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1.  Quantitative Deficits of Preschool Children at Risk for Mathematical Learning Disability 
The study tested the hypothesis that acuity of the potentially inherent approximate number system (ANS) contributes to risk of mathematical learning disability (MLD). Sixty-eight (35 boys) preschoolers at risk for school failure were assessed on a battery of quantitative tasks, and on intelligence, executive control, preliteracy skills, and parental education. Mathematics achievement scores at the end of 1 year of preschool indicated that 34 of these children were at high risk for MLD. Relative to the 34 typically achieving children, the at risk children were less accurate on the ANS task, and a one standard deviation deficit on this task resulted in a 2.4-fold increase in the odds of MLD status. The at risk children also had a poor understanding of ordinal relations, and had slower learning of Arabic numerals, number words, and their cardinal values. Poor performance on these tasks resulted in 3.6- to 4.5-fold increases in the odds of MLD status. The results provide some support for the ANS hypothesis but also suggest these deficits are not the primary source of poor mathematics learning.
doi:10.3389/fpsyg.2013.00195
PMCID: PMC3655274  PMID: 23720643
approximate number system; quantitative knowledge; mathematics achievement; learning disability; dyscalculia; Title I preschool; executive control
2.  Chaotic homes and school achievement: a twin study 
Background
Chaotic homes predict poor school performance. Given that it is known that genes affect both children's experience of household chaos and their school achievement, to what extent is the relationship between high levels of noise and environmental confusion in the home, and children's school performance, mediated by heritable child effects? This is the first study to explore the genetic and environmental pathways between household chaos and academic performance.
Method
Children's perceptions of family chaos at ages 9 and 12 and their school performance at age 12 were assessed in more than 2,300 twin pairs. The use of child-specific measures in a multivariate genetic analysis made it possible to investigate the genetic and environmental origins of the covariation between children's experience of chaos in the home and their school achievement.
Results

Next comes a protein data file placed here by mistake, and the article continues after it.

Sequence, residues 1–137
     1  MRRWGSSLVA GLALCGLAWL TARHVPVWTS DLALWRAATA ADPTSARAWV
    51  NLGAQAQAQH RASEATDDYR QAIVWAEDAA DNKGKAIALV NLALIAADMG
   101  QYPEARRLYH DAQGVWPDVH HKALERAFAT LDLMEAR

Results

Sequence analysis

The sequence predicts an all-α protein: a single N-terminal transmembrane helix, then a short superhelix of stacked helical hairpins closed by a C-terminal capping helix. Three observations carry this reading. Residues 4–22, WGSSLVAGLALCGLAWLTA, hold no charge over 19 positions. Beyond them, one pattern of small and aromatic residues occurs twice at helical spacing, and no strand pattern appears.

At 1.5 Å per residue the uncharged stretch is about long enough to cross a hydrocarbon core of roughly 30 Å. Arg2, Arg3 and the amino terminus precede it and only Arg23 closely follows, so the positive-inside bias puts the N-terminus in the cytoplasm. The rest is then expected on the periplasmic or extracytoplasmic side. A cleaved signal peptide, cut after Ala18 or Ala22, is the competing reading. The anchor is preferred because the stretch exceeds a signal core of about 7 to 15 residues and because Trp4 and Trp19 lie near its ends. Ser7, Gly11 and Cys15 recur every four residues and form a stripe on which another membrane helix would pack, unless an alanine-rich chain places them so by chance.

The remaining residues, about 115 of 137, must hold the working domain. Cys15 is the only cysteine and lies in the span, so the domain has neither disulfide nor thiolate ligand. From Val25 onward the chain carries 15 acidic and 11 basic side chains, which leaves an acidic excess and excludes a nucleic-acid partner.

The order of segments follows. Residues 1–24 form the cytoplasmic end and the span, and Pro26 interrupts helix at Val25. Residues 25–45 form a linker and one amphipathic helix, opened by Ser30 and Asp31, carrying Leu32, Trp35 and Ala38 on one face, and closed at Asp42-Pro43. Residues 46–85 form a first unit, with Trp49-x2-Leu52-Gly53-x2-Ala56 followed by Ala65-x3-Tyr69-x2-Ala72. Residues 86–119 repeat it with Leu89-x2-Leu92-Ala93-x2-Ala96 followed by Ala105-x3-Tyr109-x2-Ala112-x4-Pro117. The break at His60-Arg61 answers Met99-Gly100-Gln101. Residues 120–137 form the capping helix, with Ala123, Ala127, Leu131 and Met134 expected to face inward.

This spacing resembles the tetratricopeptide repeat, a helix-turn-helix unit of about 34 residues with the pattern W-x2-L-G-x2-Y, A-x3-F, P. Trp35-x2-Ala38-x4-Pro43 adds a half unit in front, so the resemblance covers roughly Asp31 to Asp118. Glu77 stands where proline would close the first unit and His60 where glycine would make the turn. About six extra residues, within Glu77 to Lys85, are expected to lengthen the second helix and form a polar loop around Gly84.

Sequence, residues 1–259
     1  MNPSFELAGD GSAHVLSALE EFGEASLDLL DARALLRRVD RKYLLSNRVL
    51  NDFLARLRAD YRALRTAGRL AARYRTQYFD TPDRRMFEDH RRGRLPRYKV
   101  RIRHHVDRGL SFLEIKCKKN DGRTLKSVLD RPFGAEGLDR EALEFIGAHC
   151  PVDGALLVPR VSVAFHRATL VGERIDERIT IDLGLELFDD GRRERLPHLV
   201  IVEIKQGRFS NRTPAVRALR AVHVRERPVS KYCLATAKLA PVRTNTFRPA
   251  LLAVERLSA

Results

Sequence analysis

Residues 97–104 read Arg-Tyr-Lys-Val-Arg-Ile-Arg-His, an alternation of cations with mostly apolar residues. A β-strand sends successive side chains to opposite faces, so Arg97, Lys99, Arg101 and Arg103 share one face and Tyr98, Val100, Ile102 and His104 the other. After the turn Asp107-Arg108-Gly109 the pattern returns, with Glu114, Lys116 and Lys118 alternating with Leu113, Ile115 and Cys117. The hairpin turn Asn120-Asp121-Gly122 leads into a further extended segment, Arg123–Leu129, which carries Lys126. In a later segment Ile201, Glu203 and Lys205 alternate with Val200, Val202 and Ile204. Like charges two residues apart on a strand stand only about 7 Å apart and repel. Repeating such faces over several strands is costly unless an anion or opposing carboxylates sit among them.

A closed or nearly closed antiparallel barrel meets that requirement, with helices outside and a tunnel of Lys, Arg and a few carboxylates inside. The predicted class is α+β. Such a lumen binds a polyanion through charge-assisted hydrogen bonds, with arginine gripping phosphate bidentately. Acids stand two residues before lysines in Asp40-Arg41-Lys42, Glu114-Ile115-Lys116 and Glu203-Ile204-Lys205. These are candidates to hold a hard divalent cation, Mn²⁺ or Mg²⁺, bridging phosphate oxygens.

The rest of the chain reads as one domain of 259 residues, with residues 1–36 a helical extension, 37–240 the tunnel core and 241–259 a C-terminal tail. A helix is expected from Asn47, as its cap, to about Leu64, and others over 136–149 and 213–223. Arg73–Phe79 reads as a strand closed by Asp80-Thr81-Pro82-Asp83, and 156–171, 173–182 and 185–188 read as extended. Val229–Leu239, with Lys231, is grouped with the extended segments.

Children's experience of family chaos and their school achievement were significantly correlated in the expected negative direction (r = −.26). As expected, shared environmental factors explained a large proportion (63%) of the association. However, genetic factors accounted for a significant proportion (37%) of the association between children's experience of household chaos and their school performance.
Conclusions
The association between chaotic homes and poor performance in school, previously assumed to be entirely environmental in origin, is in fact partly genetic. How children's home environment affects their academic achievement is not simply in the direction environment → child → outcome. Instead, genetic factors that influence children's experience of the disordered home environment also affect how well they do at school. The relationship between the child, their environment and their performance at school is complex: both genetic and environmental factors play a role.
doi:10.1111/j.1469-7610.2011.02421.x
PMCID: PMC3175268  PMID: 21675992
Gene–environment correlation; household chaos; environmental confusion; home environment; school achievement; twin studies; behavioural genetics
3.  Chaotic homes and school achievement: A twin study 
Background
Chaotic homes predict poor school performance. Given that it is known that genes affect both children's experience of household chaos and their school achievement, to what extent is the relationship between high levels of noise and environmental confusion in the home, and children's school performance, mediated by heritable child effects? This is the first study to explore the genetic and environmental pathways between household chaos and academic performance.
Method
Children's perceptions of family chaos at ages 9 and 12 and their school performance at age 12 were assessed in more than 2300 twin pairs. The use of child-specific measures in a multivariate genetic analysis made it possible to investigate the genetic and environmental origins of the covariation between children's experience of chaos in the home and their school achievement.
Results
Children's experience of family chaos and their school achievement were significantly correlated in the expected negative direction (r = −0.26). As expected, shared environmental factors explained a large proportion (63%) of the association. However, genetic factors accounted for a significant proportion (37%) of the association between children's experience of household chaos and their school performance.
Conclusions
The association between chaotic homes and poor performance in school, previously assumed to be entirely environmental in origin, is in fact partly genetic. How children's home environment affects their academic achievement is not simply in the direction: environment → child → outcome. Instead, genetic factors that influence children's experience of the disordered home environment also affect how well they do at school. The relationship between the child, their environment, and their performance at school is complex: both genetic and environmental factors play a role.